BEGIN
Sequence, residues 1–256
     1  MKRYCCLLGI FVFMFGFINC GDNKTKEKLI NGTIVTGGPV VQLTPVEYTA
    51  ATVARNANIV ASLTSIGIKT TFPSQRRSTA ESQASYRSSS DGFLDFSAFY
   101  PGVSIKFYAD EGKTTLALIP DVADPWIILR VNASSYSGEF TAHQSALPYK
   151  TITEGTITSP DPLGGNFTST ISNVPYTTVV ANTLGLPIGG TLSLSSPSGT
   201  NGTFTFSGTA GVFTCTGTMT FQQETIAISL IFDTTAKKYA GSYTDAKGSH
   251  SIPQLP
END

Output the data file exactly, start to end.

Sequence, residues 1–256
     1  MKRYCCLLGI FVFMFGFINC GDNKTKEKLI NGTIVTGGPV VQLTPVEYTA
    51  ATVARNANIV ASLTSIGIKT TFPSQRRSTA ESQASYRSSS DGFLDFSAFY
   101  PGVSIKFYAD EGKTTLALIP DVADPWIILR VNASSYSGEF TAHQSALPYK
   151  TITEGTITSP DPLGGNFTST ISNVPYTTVV ANTLGLPIGG TLSLSSPSGT
   201  NGTFTFSGTA GVFTCTGTMT FQQETIAISL IFDTTAKKYA GSYTDAKGSH
   251  SIPQLP